Lionel Messi’s debut campaign at Inter Miami ended sooner than the club’s ambitious owners had hoped but the man himself seemed content with an extended rest on the horizon.
“I will enjoy the holidays in Argentina,” Messi said once it was confirmed that Miami would miss out on the MLS playoffs this year. “It’s the first time that I am going to have more days off in December, with the holidays, with peace of mind, with my people.”
Four months on from the seismic news that Messi would turn down the advances of the Saudi Pro League for a spell on South Beach, here’s how the Argentine’s inaugural campaign in the US compares to the starts enjoyed and endured by some of the game’s other greats in MLS.
One of the few signs held up in the packed stands of Miami’s DRV PNK Stadium that didn’t ask for Messi’s shirt read: “#10 on the field, #01 in my heart”. Messi arrived on a groundswell of goodwill but rapidly ingratiated himself to his Stateside support with a debut to remember.
With practically the last kick against Cruz Azul in the first round of the Leagues Cup, Messi whipped a trademark free kick into the top corner. On the back of a protracted European season with Paris Saint-Germain, Messi admitted that, rather than joy, he felt more relief from avoiding extra time.
Messi missed just 12 minutes of Miami’s subsequent run to the inaugural final of the Leagues Cup, racking up an unrivalled ten goals in seven matches before lifting the giant trophy in August. While Messi’s immediate impact propelled Miami – previously the team with the worst record in the Eastern Conference – to the franchise’s first trophy, the draining schedule derailed the rest of Messi’s maiden campaign.
Miami lost the US Open Cup final and slipped out of playoff contention while Messi watched on from the stands, injured as a consequence of 11 games in 44 days. It may have ended with a whimper, but Messi’s debut season wasn’t too shabby. As his manager Tata Martino curtly summarised: “We had three tournaments and won one.”
The technical difficulties that befell David Beckham‘s virtual presentation as an LA Galaxy player, with the screen filled by Golden Balls’ face intermittently cutting out, proved to be emblematic of his staccato start to life in the US.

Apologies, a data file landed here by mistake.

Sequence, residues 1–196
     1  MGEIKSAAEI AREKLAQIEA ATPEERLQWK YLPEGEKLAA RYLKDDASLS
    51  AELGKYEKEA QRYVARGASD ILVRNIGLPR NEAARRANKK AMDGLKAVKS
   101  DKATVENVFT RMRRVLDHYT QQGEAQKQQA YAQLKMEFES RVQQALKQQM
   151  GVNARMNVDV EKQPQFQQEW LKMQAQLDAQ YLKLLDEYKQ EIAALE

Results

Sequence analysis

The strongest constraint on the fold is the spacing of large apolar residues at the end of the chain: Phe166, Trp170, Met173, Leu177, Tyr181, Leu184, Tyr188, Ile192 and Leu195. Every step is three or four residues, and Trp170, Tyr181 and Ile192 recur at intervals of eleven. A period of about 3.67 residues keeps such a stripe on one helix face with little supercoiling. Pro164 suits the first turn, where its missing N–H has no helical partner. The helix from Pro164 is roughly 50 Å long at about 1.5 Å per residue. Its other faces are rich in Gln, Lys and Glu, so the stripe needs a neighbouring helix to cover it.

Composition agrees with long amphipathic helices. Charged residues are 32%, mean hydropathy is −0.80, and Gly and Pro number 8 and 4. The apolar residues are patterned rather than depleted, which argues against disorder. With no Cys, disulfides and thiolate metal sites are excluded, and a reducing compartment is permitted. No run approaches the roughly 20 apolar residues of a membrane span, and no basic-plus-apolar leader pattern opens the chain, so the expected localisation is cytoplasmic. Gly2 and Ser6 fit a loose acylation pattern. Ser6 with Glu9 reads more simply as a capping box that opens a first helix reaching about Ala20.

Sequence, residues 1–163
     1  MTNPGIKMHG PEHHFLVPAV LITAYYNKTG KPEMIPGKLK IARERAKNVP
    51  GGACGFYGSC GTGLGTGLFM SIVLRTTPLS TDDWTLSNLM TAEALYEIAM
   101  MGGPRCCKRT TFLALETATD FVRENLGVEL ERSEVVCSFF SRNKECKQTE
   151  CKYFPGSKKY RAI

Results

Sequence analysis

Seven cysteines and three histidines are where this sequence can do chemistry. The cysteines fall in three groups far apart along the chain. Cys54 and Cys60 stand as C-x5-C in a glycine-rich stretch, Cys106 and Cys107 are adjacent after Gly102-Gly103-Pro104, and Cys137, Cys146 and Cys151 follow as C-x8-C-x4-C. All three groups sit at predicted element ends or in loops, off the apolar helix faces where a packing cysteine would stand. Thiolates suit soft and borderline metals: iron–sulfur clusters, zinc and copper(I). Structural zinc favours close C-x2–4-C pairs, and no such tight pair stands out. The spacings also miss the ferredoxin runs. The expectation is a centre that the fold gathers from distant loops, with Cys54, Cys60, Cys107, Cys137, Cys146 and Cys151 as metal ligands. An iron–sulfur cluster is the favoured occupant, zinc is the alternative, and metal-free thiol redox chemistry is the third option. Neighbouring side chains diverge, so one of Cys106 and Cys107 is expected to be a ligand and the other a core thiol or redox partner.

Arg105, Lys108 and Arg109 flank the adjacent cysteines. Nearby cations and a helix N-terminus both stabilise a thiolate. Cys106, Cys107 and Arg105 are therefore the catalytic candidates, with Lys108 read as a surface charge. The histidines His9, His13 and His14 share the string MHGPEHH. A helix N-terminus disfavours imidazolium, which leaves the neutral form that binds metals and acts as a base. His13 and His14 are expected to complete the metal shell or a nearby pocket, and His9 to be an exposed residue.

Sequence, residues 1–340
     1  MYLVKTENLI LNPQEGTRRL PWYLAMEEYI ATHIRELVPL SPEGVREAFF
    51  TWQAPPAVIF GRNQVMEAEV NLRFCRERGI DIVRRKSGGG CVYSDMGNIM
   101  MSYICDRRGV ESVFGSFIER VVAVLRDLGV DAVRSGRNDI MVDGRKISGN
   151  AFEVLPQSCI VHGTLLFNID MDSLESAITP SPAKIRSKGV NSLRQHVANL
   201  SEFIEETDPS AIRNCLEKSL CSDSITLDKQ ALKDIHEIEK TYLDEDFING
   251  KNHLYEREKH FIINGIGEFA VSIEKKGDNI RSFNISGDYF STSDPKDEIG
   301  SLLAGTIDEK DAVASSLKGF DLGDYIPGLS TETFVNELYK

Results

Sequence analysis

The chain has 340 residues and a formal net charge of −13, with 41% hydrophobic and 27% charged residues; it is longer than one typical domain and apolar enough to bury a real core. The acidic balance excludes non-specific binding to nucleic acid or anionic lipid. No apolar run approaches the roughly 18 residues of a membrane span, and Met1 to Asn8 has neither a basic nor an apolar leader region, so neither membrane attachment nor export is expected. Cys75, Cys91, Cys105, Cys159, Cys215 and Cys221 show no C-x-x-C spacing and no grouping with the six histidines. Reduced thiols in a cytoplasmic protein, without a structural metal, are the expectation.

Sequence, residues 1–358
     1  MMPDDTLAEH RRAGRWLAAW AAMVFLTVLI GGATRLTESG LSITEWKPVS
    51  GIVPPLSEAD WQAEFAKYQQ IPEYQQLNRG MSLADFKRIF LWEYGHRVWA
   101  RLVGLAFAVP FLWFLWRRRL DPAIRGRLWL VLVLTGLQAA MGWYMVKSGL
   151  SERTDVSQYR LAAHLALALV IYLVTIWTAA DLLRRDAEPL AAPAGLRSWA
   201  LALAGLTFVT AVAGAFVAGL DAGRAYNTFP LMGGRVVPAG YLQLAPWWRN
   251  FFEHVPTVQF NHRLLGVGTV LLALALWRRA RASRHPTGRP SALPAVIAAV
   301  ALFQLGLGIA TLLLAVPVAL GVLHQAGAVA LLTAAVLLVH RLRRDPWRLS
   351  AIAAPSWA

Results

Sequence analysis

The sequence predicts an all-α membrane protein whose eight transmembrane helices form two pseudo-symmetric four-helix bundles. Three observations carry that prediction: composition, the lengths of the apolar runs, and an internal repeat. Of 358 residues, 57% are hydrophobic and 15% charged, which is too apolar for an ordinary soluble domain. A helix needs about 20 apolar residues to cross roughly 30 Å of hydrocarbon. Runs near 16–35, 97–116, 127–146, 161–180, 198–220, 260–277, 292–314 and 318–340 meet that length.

Injury hampered Beckham but the calibre of his new teammates and managers didn’t help. While Messi had a Barcelona enclave airlifted in at Inter Miami, the Florida club’s co-owner shared the pitch with pool cleaners and gardeners.
Beckham’s first Galaxy manager Frank Yallop admitted: “I don’t think anyone was ready for him. The team wasn’t, I don’t think I was and I don’t think the league was quite ready for the enormity of what David was going to bring to MLS – and it showed on the field.”
After signing for the club in July 2007, it took Beckham nine months to get his first goal and win for the Galaxy.
“The young bloke from that first half, Henry, looks like he’s got a good future,” Harry Redknapp joked after his Tottenham Hotspur served as the Frenchman’s first opponents since joining New York Red Bulls in the summer of 2010.
Thierry Henry scored in that friendly and created both goals for Juan Pablo Angel on his competitive debut in a 2-2 draw away to Houston. Henry would only score twice as the Bulls made a late charge for the playoffs, providing moments rather than monuments as he adjusted to the demands of MLS and the fervent New York crowd.
Injury limited Henry to just six minutes in the playoffs but it was the MCL damage he inflicted on Dallas goalkeeper Kevin Hartman that stole most of the headlines in 2010. While celebrating Mehdi Ballouchy’s goal by booting the ball back into the net, Henry accidentally kicked Hartman, jarring the keeper’s knee.
Unlike many former stars of the European game, Kaka had a long run-up to his debut season in MLS. Signed a year before the franchise got on the pitch, the former Ballon d’Or winner tuned up for his Florida bow with a loan back at boyhood club Sao Paulo.
Thanks to a hefty deflection, Kaka marked his Orlando debut with a stoppage-time equaliser in front of a record crowd at the Citrus Bowl in 2015. “The big money player comes up with the big money play and everyone can go home happy,” Orlando’s general manager Paul McDonough smugly grinned.
Kaka continued to deliver, rattling in ten goals across his first 19 appearances for the new franchise. However, the Brazilian’s debut campaign fizzled out after he received the first straight red card of his career for a foul on Real Salt Lake’s Javier Morales that autumn.
Barely able to muster a thumbs up, Wayne Rooney frantically tried to catch his breath while Luciano Acosta was engulfed by an entire stand of Audi Field. Seven seconds after crunching into a tackle on Orlando’s Will Johnson to prevent an attempt at DC United’s unguarded goal, Rooney leapt back to his feet and boomed a raking ball into Acosta’s stride, teeing up a 96th-minute winning with a move that Roy of the Rovers would have blushed at.
Rooney was more often the finisher in the second half of his debut campaign in the capital, scoring nine goals as DC ended the regular season with a ten-game unbeaten sequence. However, Rooney couldn’t find the net in the playoffs as DC bowed out in the qualifying round against Columbus Crew, failing to convert the first penalty in an unsuccessful shootout.
“I heard the crowd saying: ‘We want Zlatan’, so I gave them Zlatan,” Ibrahimovic humbly recalled of his debut for LA Galaxy.
In the franchise’s first derby against the freshly formed LAFC, Ibrahimovic came off the bench to score twice, sealing a ridiculous 4-3 victory after the Galaxy had trailed 0-3 with half an hour left.
The inimitable Swede recorded as many red cards as goals across his next seven appearances for the Galaxy (one of each) but began to live up to his brash public persona with a glut of 19 goals across as many games to end his debut season. “Here,” Zlatan declared, “I am like a Ferrari among Fiats.”